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HRA-House Rent Allowance: Exemption Rules

House Rent Allowance is a component of the Income under the head Salary provided by the employer to the employee for rented accommodation. Its primary use is to help employees with tax benefits towards the payment for accommodations every year. HRA comes under Section 10(13A) of the Income Tax Act, 1961, and the exemption can be claimed partially or fully.

The Union Budget 2020 introduced the new tax regime. It provided the individuals with an option to choose either the old tax regime with exemptions or the new tax regime without certain exemptions. So, the tax benefit of house rent allowance will be availed only by the individuals opting for the old tax regime.

How is Tax Exemption From HRA Calculated?

House Rent Allowance {Sec. 10(13A) and rule 2A} – Exemption in respect of house rent allowance is regulated by rule 2A. It Is based upon the followings_

  • Actual HRA received,
  • 50% of (basic salary +DA) for those living in metro cities (40% for non-metros), or 
  • Actual rent paid less 10% of basic salary + DA.

Amount exempt from tax – the least of the above three is exempt from tax.

Other Point should also kept in view_

What is “Salary” – “salary” for this purpose means basic salary and includes dearness allowance if terms of employment so provide. It also includes commission based on fixed percentage of turnover achieved by an employee as per terms of contract of employment – But it dose not include any other allowance and perquisite.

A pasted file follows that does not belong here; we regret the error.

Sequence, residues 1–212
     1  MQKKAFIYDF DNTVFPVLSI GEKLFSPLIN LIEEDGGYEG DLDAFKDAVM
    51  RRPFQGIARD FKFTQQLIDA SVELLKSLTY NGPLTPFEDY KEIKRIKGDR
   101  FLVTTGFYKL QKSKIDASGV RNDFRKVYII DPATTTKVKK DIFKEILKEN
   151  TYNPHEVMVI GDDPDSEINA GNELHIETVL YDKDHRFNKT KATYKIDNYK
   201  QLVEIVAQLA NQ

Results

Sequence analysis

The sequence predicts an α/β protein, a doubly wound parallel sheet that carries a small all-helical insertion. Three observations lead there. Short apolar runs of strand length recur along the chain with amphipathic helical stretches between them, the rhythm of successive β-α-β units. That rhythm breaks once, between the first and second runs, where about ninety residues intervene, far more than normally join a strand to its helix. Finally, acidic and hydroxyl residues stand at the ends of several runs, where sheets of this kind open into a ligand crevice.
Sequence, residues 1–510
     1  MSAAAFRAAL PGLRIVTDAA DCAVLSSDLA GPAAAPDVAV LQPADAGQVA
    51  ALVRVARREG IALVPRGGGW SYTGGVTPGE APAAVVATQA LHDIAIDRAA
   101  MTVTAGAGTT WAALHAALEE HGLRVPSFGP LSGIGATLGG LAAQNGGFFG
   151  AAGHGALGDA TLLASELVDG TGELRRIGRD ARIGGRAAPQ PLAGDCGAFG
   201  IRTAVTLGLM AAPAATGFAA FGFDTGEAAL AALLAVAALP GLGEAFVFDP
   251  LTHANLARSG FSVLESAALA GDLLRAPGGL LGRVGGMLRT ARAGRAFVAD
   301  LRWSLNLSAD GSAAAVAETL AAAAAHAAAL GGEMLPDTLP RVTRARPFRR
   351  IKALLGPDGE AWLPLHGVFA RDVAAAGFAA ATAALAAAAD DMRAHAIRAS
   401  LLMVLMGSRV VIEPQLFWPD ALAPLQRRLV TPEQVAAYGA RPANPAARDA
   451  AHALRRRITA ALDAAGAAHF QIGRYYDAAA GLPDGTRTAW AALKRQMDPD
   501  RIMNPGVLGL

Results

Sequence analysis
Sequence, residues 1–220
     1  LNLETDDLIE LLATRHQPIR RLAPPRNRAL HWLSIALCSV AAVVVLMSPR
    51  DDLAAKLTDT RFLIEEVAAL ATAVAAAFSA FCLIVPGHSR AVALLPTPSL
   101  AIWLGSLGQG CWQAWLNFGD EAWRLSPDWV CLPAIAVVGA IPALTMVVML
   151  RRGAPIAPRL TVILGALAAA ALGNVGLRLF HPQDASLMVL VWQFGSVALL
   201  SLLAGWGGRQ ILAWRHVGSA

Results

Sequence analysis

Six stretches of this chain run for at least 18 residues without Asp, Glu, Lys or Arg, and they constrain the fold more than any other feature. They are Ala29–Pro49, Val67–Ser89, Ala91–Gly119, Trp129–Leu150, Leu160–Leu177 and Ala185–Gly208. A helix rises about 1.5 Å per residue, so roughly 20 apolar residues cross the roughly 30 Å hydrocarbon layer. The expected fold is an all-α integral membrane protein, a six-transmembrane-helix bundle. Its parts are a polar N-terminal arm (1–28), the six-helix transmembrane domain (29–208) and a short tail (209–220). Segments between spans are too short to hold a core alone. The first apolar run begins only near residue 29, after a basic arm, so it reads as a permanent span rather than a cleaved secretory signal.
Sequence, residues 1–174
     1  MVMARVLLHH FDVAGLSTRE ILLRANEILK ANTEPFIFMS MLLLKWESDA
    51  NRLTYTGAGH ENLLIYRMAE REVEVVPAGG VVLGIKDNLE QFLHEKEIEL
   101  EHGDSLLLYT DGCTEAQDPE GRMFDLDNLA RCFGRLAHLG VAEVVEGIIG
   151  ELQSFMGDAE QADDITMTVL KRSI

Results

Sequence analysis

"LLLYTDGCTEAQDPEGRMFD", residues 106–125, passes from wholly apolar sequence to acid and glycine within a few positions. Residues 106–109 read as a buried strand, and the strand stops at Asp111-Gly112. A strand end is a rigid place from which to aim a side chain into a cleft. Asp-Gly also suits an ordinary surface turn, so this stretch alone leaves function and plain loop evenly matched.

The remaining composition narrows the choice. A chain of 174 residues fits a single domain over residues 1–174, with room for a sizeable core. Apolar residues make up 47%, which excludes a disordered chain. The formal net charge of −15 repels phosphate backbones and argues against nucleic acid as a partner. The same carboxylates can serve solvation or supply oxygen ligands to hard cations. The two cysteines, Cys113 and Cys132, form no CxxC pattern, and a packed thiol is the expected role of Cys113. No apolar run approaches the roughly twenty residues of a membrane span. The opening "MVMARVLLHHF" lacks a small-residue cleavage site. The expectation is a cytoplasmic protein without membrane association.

When exemption is not available– Exemption is denied where an employee lives in his own house, or in a house for which he not pay any rent or pays rent which dose not exceed 10% of salary.

Mode of computation of exemption– The amount of exemption in respect of house rent allowance received by an employee depends upon the followings-

  • “Salary” of the employee,
  • House rent allowance,
  • Rent paid, and 
  • The place where house is taken on rent.

When these four are same throughout the previous year, the exemption should be calculated on “annual” basis. when, however there is a change in respect of any of the aforesaid factors, then the exemption shall be worked out on “monthly” basis.

Special Cases to Claim HRA Benefit

1. If rent is paid to a family member

The rented premises must not be owned by the person claiming the tax exemption. So if you stay with your parents and  pay rent to them then you can claim that for tax deduction as HRA. However, you cannot pay rent to your spouse. As, in the view of the relationship, you are supposed to take the accommodation together. thus, these transaction can invite the scrutiny from the Income -tax Department.

Even if you are renting the house from parents, make sure you have documentary evidence as proof that financial transaction regarding your tenancy takes place between you and your parents. so keep a record of banking transactions and rent receipts because your claim can get rejected by the tax department if they are not convinced by the authenticity of the transactions. 

2. Own a house but living in a different city

If an individual is working in a different city, he can claim the tax benefit for interest paid on the home loan and HRA for the rented accommodation provided he has the relevant documents to back his claim.

Deduction in respect of Rent Paid(Sec.80GG)

Individuals who don’t get HRA but pay rent_

There may be some employees who might not have HRA computed in their salary structure. Also. a non-salaried individual might be paying rent. For them, Section 80GG of the Income-tax Act offer help.

An individual who pays rent for a residential accommodation for himself (and Family) can avail deduction under section 80GG provided he gives a declaration electronically in Form No. 10BA.